Enter Salesforce Marketing Cloud, the marketing software behemoth that has spent billions in acquisitions so far with no signs of stopping. Does any one person need to use the full suite of Salesforce’s power? Obviously not (and especially not at that price point), which is why small boutique ESPs are going to keep cropping up who will either A. Try to compete or B. End up being bought. So what does that mean for the future? Not much.
Same shit, different decade.
Prediction: RIP Outlook July 31, 2002 – Too long
Accuracy Level: The death card has been dealt
Outlook, having long been the bane of many marketers for its tendency to throw rendering errors into even the finest email, will finally meet its end. Or at least be killed and reborn as something less terrible. Email is only going to continue to provide a strong ROI and an email service provider is going to need to adapt or die. Even Yahoo Mail recently did its own glow up as the brand tries to stay relevant. And with the next version of IE Edge being built on Chromium, i.e., the open source browser provided by Google, it's safe to say that at some point Microsoft is going to want to ditch Outlook’s clunky reliance on Office to move on to better tech that will allow users to keep up with evolving emails.
Prediction: We’ll want to give companies our data
Accuracy Level: Like a paper fortune teller, you’ll think you’re in control, but the end is already decided
For years companies have been trying to get their hands on as much of our data as they possibly can. Sometimes this is great, like when you vaguely mention you need dog food while your phone was nearby and Amazon serves you an ad for the exact dog food your dog prefers because they somehow know that, too. Sometimes it’s less great, like when retargeting alerts your SO to their holiday gift. But the question has always been the same: what are they going to do with your data? That’s what really matters. And we have answers.
Locational data is going to blow up, and it’s going to blow up big. Last year, Burger King sent push notifications to anyone with their app who was within 600 ft of a McDonalds and offered them a Whopper for a whopping one cent. A fantastic marketing strategy, and one that’s begging to be copied. The first to hop on the band
wagon plane will be airlines and airports. Your flight got delayed and you’re pissed off? A rival airline will send you a coupon for X amount off your next flight, right when you’re ready to rage quit Delta forever. Or maybe your flight gets delayed, and the Denny’s in the terminal you’re at wants to cheer you up (and/or get your business), and persuades you to eat there for a percentage off.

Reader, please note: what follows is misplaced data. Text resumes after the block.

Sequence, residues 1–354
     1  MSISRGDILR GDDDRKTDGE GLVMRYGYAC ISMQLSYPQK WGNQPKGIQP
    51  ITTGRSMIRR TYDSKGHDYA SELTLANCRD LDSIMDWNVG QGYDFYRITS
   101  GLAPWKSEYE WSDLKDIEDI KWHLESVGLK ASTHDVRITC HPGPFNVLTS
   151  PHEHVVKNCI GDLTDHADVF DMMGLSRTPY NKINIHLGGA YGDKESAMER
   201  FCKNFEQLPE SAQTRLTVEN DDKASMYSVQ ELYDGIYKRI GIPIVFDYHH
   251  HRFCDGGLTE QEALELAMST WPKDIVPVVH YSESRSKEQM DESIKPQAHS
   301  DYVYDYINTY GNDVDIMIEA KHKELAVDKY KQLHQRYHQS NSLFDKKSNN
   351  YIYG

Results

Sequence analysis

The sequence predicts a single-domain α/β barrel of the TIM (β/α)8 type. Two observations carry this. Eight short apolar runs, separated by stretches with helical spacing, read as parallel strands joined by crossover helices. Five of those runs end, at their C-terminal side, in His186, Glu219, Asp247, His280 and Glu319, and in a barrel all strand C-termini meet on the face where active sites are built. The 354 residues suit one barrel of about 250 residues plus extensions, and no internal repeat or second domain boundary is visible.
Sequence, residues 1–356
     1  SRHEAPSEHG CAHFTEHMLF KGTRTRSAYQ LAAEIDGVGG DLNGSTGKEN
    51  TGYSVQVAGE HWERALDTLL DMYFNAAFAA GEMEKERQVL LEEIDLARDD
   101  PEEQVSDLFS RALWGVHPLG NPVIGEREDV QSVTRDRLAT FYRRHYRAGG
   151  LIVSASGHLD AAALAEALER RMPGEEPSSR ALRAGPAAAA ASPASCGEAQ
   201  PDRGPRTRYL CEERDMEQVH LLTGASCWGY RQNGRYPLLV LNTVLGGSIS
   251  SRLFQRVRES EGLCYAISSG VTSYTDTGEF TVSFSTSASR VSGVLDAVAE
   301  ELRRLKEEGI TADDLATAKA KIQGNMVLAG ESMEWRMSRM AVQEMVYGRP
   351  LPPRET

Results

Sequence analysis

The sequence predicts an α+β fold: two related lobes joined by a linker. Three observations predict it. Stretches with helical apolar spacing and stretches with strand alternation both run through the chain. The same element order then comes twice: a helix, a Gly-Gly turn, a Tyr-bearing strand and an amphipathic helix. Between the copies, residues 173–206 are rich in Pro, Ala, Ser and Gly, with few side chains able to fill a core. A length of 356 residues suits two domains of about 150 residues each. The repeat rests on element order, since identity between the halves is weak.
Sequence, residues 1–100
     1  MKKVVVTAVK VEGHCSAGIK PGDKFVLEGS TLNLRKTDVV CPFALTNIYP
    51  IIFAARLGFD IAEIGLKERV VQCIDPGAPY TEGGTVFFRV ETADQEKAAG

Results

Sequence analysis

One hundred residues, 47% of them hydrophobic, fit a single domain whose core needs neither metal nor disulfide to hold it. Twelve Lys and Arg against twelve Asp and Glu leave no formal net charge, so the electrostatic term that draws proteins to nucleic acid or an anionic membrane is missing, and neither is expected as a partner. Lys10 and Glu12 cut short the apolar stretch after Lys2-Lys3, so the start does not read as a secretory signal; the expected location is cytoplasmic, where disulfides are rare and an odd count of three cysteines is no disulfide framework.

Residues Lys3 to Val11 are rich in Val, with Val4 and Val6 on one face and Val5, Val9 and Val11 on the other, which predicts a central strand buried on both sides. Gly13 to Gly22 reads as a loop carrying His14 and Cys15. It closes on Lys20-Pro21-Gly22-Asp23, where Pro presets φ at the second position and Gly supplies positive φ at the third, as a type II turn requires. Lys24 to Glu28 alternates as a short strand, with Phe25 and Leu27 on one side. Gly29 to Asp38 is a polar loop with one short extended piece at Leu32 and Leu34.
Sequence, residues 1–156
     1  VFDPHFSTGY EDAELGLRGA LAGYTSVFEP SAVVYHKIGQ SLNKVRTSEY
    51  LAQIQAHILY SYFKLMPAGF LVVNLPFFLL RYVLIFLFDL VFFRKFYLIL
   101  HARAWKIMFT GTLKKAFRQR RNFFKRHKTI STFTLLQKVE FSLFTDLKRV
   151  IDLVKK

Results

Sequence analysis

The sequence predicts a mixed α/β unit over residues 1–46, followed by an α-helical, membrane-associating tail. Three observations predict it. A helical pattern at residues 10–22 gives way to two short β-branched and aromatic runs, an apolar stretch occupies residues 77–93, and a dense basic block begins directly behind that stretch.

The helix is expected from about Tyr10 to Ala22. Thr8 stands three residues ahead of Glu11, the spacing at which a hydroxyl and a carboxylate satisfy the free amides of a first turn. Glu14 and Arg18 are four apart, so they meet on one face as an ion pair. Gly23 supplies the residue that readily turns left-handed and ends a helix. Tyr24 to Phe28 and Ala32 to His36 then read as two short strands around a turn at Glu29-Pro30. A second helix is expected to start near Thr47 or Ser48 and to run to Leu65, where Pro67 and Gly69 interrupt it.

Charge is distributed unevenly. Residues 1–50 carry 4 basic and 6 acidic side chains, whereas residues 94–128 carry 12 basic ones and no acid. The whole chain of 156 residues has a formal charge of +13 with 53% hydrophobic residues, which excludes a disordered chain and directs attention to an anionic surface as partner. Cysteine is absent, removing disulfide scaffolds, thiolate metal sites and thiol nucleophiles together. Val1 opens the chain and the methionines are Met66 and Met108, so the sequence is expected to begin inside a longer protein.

But it won’t stop there — oh no. Location and behavior based deals will only get better, cooler, and more exclusive. We’ll be chomping at the bit to give companies our data so they can target us with the best, most exclusive deals. We’ll be syncing up our smart wearables to workout classes because only someone with a RHB of under 40 BPM will be allowed in this super cool sports club. Only people who wake up before 5 a.m. will be allowed at this one brunch place. If you’re a good sleeper, you’ll qualify for 50% off a new mattress you can only get if you toss and turn 44+ times a night. We’ll be begging to share our bodily data.
Prediction: Our new marketing targets will be pets
Accuracy Level: Groundhog coming out of the ground to predict weather — crazy but people love cute animals so you can’t dismiss it
Ninety-five percent of people who have pets consider their furry children to be part of the family, and we all want what’s best for our family, right? What logically follows is that companies are going to be more and more interested in marketing to our pets. Gone will be the days where we have to guess what Fido’s favorite food is — he’ll be able to tell us. Smart watches will become smart collars, that’ll allow your pets to do everything from loudly demanding treats with the bark-to-talk features, to texting your human phone asking when you’ll be back already because they’re sure they’ve been abandoned because you ran to get the mail 0.34 seconds ago.
It’s Barketing. Patent pending.